The red supergiant star Betelgeuse experienced a massive dip in brightness due to a dark star-spot causing a 300F drop in surface temperature, a study claims.
The bright reddish star, the tenth brightest in the night sky, is located in the shoulder of the Orion constellation and can be seen by the naked eye in the night sky.
It is a variable star, so its brightness changes, but from October 2019 to March 2020, Betelgeuse’s brightness dropped 2.5 times, the most significant observed drop in in 50 years, according to experts from the Chinese Academy of Sciences in Beijing.
The team, led by Professor ZHAO Gang, observed the star in near-infrared wavelengths using the Weihai Observatory in Shandong from January to April 2020.
They created a new technique to take the temperature of the giant star and measured how warm the surface was at different points over the observation period.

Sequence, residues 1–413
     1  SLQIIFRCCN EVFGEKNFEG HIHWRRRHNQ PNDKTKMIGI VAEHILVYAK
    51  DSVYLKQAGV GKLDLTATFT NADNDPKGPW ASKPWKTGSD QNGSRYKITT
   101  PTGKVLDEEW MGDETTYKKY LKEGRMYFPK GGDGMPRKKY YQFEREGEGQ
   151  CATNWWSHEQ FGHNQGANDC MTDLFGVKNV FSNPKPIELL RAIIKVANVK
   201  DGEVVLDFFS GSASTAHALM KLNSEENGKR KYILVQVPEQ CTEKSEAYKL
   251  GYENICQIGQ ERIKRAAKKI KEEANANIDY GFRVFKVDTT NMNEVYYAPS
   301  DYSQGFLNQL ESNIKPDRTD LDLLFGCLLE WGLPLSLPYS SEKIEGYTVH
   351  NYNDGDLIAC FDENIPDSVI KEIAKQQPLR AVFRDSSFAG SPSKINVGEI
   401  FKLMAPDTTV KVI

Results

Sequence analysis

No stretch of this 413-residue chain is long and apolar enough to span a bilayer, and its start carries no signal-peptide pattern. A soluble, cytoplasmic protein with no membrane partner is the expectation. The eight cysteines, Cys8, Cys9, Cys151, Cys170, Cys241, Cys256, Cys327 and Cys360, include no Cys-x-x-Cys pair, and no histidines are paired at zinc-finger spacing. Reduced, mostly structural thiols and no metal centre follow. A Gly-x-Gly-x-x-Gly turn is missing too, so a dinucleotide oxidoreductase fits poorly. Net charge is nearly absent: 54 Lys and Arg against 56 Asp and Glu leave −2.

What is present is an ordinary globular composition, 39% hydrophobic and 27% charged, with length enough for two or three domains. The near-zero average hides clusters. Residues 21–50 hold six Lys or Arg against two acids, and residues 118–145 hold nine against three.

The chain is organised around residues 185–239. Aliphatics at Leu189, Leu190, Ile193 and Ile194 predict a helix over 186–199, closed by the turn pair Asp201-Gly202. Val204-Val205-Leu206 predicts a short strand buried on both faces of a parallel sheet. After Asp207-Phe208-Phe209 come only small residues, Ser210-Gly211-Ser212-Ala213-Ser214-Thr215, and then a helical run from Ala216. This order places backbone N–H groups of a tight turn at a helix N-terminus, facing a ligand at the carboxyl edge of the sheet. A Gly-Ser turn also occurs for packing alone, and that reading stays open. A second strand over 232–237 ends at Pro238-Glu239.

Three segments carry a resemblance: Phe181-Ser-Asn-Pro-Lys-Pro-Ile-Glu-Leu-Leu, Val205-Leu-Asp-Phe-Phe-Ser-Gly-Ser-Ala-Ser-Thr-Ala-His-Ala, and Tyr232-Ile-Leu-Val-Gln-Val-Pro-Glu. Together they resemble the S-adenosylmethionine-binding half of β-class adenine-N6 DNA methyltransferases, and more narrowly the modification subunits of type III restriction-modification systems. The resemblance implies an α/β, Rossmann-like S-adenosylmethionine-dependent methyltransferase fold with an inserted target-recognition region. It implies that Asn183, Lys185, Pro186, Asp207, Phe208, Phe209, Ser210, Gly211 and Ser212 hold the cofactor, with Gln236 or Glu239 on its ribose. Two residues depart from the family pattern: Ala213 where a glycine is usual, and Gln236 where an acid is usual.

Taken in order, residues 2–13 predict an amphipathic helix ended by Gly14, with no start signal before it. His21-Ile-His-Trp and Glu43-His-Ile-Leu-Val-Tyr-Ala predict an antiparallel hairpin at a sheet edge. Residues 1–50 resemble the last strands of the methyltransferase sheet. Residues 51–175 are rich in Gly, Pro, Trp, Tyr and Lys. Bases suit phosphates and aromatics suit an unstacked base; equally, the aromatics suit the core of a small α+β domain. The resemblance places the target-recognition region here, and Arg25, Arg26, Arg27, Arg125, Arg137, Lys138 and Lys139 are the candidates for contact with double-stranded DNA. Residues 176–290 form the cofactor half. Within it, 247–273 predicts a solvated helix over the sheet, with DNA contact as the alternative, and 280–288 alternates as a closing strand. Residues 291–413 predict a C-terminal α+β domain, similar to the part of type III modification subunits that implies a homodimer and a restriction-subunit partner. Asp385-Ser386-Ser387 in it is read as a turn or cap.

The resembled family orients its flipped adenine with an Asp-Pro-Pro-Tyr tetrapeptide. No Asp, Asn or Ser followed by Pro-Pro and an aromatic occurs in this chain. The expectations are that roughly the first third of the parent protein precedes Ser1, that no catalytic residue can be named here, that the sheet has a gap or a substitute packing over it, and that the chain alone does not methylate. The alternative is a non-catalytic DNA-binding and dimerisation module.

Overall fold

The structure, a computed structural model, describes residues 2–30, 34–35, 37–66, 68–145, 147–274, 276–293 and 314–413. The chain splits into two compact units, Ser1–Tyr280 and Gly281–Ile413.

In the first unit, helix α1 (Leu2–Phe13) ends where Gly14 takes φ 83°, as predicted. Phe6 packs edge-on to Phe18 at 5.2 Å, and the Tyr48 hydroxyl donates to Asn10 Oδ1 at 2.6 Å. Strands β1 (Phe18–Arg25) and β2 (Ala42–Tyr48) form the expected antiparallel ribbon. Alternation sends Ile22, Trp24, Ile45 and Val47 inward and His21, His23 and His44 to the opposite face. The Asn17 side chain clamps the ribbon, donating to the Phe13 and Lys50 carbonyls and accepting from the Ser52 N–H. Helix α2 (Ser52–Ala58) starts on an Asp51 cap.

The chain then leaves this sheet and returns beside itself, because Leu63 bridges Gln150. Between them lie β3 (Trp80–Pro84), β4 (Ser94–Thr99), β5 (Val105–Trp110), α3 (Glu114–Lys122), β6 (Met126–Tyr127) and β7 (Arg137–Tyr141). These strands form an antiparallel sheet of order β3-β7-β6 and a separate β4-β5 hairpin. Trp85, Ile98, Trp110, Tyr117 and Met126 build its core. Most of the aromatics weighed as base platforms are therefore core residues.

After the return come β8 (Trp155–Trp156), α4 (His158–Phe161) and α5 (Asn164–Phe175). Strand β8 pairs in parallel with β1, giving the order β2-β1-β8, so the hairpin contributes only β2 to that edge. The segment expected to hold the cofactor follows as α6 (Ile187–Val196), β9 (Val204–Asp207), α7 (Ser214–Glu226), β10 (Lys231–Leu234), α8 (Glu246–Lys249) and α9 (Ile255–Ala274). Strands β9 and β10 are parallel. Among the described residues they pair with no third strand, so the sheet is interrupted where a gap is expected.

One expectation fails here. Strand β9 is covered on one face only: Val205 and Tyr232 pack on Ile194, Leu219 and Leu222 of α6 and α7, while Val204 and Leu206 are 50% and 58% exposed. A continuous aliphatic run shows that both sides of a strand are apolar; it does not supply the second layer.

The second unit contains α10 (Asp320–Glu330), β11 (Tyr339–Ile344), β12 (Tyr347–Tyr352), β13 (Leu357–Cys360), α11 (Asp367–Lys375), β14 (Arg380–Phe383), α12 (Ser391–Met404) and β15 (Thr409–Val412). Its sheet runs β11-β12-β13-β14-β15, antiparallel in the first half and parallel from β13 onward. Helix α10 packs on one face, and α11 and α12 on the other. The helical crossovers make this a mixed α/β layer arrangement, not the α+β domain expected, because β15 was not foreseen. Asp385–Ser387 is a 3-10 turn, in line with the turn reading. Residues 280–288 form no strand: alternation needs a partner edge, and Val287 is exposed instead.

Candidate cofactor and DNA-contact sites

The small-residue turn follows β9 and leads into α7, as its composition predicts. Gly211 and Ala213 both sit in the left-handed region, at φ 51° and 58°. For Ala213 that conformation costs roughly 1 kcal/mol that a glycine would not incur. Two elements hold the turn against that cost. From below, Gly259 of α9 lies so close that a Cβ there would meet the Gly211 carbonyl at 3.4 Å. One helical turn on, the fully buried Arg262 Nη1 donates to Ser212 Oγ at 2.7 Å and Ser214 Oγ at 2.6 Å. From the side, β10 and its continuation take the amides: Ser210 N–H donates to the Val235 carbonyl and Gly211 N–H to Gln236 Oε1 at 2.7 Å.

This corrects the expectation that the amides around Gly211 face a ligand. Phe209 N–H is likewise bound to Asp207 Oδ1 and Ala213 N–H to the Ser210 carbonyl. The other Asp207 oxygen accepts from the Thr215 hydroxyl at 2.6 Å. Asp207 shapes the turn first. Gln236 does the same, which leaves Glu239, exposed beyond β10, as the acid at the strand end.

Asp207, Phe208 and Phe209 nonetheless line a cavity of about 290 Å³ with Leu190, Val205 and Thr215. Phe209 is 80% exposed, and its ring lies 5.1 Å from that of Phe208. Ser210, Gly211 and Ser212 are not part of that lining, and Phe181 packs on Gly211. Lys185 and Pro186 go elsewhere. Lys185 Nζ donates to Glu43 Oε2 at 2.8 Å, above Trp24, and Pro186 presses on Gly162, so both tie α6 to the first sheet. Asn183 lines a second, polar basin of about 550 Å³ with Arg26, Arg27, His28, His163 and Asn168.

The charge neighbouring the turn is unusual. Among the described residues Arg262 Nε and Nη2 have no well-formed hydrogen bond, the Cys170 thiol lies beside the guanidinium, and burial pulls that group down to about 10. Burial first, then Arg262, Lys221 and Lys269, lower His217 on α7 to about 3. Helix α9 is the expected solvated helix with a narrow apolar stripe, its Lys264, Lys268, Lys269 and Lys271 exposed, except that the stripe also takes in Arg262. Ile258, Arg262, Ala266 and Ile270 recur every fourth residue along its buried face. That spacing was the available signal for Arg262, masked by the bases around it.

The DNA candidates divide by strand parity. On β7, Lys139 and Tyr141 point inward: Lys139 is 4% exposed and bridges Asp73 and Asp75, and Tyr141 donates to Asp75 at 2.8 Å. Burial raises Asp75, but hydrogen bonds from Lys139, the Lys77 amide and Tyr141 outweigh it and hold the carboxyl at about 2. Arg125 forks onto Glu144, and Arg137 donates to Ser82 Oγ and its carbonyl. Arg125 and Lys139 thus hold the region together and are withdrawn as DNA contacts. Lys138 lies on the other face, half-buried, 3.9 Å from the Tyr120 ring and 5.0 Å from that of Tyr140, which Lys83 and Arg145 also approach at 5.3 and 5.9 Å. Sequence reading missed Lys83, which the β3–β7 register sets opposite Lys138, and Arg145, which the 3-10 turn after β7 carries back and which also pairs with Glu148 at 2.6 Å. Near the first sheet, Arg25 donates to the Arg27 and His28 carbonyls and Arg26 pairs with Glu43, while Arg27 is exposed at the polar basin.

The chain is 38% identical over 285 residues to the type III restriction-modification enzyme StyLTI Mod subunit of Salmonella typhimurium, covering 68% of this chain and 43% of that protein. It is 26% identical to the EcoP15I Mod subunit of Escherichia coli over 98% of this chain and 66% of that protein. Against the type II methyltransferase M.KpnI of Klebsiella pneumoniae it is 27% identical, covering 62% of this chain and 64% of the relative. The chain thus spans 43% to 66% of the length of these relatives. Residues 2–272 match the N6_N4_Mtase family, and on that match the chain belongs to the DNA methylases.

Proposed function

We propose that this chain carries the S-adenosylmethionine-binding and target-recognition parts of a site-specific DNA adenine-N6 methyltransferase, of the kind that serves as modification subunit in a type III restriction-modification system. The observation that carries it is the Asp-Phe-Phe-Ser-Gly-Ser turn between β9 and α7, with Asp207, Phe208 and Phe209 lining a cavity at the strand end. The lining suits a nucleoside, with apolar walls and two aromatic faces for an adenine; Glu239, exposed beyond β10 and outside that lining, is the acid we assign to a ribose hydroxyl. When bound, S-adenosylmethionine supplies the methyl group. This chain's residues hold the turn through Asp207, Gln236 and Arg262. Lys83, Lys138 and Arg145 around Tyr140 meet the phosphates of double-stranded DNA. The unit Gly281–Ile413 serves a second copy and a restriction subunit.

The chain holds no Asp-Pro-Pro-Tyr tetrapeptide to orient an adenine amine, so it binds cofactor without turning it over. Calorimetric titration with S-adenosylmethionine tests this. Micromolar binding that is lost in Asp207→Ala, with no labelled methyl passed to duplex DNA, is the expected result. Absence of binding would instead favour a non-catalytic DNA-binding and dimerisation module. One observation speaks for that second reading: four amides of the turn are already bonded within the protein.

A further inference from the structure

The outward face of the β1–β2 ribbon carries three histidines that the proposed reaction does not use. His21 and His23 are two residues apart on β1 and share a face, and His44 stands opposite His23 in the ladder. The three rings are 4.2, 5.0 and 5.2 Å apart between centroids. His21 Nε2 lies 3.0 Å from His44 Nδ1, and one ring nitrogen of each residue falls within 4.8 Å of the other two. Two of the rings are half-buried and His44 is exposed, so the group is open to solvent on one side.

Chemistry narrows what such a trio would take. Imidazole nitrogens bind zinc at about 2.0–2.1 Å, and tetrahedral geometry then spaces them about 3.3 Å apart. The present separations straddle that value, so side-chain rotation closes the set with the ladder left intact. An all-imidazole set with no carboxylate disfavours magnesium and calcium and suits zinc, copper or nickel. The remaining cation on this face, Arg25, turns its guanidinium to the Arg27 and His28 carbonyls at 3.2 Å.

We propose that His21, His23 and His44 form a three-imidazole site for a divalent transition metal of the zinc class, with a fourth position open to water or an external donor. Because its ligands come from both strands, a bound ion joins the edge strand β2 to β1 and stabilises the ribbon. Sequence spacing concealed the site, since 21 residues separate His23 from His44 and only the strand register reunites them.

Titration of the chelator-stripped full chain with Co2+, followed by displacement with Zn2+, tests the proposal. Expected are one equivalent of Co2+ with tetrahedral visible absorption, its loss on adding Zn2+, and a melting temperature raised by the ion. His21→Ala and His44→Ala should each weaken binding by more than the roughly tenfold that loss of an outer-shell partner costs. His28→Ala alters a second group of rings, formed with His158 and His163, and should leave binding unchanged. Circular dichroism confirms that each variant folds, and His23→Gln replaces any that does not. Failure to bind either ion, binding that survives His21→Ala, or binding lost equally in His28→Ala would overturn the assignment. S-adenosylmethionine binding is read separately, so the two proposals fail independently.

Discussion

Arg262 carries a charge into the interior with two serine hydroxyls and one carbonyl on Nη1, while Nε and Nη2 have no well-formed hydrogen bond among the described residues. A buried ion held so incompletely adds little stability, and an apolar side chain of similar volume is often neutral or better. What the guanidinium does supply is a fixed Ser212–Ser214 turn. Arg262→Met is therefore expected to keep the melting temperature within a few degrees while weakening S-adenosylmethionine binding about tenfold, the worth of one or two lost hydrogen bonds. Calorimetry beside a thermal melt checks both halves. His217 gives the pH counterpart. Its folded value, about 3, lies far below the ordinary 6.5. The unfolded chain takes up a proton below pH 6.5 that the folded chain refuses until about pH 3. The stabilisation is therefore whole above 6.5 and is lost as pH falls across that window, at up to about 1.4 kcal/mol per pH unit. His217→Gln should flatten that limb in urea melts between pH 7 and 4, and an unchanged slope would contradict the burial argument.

At its dimmest in January it was 5,797 degrees Fahrenheit, and as the brightness recovered by April, it had increased to 6,103 degrees Fahrenheit.
Study authors say this was likely caused by a large dark spot on the surface of the massive star, but that they can’t confirm this as they didn’t observe the spot directly.
The red supergiant star Betelgeuse experienced a massive dip in brightness due to a dark star-spot causing a 300F drop in surface temperature, a study has revealed